Robinson's scowl masks enthusiasm for England role

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The Independent Online

England's new head coach - a head coach of the "acting" variety for the next week or so, but one already exuding an air of permanence - spent much of yesterday fielding questions about everything under the sun.

England's new head coach - a head coach of the "acting" variety for the next week or so, but one already exuding an air of permanence - spent much of yesterday fielding questions about everything under the sun: Sir Clive Woodward and his legacy, the national team and their prospects of avoiding two damaging home defeats by South Africa and Australia this autumn, the practicalities of the now notorious Elite Player Scheme, the general uselessness of the red rose back division, you name it. But the most important issue was saved until last. Now he was top dog, would he consider wiping the perpetual scowl from his face? "No," he replied. "Not at all."

Andy Robinson is a natural-born winner - just ask the mad, bad and thoroughly dangerous Roger Spurrell, whom he famously engaged in a gladiatorial scrap for Bath's No 7 shirt the moment he arrived at the Recreation Ground from Loughborough University in the mid-1980s - and the 40-year-old West Countryman reinforced the point to the power of 10 as he outlined his immediate plans during a gathering at England's country hotel headquarters in Bagshot. In the course of a performance as impressive as any he produced as a Test flanker, he offered what amounted to a credo for the post-Woodward era.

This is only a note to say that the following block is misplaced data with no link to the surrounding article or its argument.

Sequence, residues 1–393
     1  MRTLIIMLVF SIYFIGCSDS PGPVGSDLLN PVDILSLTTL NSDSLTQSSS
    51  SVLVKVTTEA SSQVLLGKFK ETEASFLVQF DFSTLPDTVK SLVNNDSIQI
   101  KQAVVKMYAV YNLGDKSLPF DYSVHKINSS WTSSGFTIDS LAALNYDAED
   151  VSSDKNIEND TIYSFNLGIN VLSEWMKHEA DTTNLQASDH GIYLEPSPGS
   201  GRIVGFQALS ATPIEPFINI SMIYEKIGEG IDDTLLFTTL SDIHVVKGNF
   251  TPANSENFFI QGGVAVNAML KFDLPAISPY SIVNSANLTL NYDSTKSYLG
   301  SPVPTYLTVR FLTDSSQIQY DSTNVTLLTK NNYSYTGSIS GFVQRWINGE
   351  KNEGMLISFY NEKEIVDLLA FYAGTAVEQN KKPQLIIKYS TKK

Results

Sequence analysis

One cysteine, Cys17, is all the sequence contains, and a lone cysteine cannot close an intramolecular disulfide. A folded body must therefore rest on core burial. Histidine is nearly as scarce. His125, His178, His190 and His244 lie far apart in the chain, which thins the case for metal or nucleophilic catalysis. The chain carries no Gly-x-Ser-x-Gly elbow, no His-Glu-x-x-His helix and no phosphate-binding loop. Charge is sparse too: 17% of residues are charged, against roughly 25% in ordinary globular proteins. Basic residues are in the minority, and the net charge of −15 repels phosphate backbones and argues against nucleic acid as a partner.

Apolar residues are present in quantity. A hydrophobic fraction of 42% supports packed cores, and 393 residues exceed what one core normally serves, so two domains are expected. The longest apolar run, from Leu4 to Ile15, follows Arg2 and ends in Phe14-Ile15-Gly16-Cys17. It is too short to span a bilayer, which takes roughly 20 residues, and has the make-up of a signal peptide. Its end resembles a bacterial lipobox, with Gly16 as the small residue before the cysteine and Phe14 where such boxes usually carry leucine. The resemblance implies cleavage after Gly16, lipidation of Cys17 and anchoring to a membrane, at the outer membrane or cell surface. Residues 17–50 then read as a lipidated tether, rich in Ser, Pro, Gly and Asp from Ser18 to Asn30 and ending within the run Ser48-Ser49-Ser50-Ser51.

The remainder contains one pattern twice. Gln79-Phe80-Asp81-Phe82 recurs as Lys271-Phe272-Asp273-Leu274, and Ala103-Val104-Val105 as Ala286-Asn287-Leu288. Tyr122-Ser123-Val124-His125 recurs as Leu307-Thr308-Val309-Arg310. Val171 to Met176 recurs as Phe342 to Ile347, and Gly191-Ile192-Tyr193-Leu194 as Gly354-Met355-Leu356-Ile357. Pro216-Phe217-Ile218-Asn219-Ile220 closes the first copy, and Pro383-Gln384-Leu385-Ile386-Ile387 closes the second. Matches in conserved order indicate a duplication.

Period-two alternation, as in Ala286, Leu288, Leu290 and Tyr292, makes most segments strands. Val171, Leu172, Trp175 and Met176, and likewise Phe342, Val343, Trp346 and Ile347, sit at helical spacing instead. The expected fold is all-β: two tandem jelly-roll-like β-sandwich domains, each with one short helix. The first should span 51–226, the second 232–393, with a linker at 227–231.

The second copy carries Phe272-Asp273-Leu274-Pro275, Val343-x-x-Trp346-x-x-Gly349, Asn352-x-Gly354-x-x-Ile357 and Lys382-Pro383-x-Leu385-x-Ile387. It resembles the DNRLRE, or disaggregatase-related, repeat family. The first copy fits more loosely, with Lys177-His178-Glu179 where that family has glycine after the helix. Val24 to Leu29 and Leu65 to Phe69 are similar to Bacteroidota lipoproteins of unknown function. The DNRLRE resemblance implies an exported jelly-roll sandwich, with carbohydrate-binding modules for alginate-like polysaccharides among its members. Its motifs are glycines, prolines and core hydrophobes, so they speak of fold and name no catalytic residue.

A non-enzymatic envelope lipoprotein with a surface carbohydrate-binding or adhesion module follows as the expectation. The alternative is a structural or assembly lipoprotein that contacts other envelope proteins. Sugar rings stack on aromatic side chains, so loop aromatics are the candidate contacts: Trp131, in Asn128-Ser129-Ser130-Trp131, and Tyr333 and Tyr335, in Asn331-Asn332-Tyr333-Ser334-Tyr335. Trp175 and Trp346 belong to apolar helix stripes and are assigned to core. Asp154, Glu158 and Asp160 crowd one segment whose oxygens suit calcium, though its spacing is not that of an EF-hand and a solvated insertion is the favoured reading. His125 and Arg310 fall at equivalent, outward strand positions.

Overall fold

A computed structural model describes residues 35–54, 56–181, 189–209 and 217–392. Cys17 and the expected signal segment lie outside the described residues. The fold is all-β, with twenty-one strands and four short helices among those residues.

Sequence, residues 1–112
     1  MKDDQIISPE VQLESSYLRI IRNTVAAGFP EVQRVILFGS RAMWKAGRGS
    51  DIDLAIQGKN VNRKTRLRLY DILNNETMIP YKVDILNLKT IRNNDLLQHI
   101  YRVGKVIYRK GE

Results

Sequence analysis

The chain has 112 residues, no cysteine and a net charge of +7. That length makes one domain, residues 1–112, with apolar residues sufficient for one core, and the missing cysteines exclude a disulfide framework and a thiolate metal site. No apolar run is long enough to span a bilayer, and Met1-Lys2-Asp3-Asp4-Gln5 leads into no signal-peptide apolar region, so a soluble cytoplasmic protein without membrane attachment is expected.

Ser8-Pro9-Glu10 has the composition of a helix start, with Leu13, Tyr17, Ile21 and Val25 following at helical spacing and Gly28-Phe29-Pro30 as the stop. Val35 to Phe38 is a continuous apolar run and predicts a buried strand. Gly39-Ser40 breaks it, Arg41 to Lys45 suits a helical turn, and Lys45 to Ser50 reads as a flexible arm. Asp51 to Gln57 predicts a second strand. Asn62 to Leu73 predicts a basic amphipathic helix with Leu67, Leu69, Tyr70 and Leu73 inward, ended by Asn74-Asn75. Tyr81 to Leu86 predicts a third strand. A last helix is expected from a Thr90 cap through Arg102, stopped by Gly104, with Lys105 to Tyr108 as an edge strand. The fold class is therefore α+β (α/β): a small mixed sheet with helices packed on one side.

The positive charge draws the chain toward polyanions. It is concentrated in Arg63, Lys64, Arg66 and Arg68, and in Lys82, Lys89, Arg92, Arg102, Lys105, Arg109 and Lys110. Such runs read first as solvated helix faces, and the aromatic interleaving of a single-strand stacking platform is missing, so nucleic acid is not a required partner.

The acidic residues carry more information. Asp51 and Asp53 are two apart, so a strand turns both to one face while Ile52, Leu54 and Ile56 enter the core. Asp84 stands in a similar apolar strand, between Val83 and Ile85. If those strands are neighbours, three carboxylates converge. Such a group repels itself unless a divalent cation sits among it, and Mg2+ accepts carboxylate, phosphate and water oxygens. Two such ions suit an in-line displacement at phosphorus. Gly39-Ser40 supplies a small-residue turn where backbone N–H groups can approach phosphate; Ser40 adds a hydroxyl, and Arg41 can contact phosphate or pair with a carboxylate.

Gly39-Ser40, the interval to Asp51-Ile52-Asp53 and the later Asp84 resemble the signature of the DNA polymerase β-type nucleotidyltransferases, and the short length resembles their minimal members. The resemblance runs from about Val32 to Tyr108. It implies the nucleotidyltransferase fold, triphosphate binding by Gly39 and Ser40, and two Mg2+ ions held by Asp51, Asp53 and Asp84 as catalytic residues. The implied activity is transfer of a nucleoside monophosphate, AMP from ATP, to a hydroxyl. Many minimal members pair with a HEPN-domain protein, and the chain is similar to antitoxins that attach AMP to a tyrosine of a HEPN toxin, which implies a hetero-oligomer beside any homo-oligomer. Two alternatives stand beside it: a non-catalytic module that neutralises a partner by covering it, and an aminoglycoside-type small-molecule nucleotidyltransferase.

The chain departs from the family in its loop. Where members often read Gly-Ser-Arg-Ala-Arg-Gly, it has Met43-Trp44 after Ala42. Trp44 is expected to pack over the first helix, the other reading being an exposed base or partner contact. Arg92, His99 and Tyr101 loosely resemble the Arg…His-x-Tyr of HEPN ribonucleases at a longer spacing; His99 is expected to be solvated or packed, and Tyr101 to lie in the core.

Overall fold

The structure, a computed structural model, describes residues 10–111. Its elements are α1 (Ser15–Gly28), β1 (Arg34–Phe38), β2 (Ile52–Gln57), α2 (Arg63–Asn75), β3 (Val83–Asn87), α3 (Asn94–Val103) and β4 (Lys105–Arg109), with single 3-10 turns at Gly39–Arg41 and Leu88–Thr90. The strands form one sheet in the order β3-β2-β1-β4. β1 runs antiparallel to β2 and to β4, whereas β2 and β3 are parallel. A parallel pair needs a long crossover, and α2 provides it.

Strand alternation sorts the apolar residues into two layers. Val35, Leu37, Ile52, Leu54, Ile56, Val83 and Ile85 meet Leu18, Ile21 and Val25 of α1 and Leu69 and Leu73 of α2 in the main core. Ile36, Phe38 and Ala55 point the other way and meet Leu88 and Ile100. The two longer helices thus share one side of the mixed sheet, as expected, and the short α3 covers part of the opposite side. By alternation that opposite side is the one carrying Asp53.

If he has always been a creature of fierce self-belief - "I am firmly convinced of my ability to do this job, otherwise I wouldn't be here talking to you," he snapped - Robinson is not so obsessed with his own navel that he cannot see his faults. "As a side, we have become very narrow in our focus," he admitted. "I think that explains, at least partially, our poor results since winning the World Cup last November. I have played a part in creating this narrowness, and I understand the importance of learning from my mistakes. I know how inward I can become, and how essential it is that I address that failing. Yes, I have a driving ambition to win, and to make sure England succeed. But I also want to enjoy myself."

As Robinson is one of the few men who look less happy the happier they are, his determination to continue with the scowl is wholly reassuring. So too is his commitment to working closely with, rather than above and beyond, the directors of rugby at the 12 Premiership clubs - the "dirty dozen", as Woodward cast them in his scattergun attack on all and sundry five days ago.

"Bridges have to be built and relationships have to be created," acknowledged Robinson, far more of a club-driven rugby man than his predecessor ever was. "You don't create relationships by not talking to people. The Elite Player Scheme is not perfect, and there will be disagreements along the way. I had disagreements with a couple of people only last week. But these are the things that give rugby its vibrancy. If we all said the same things all the time, life would be pretty boring."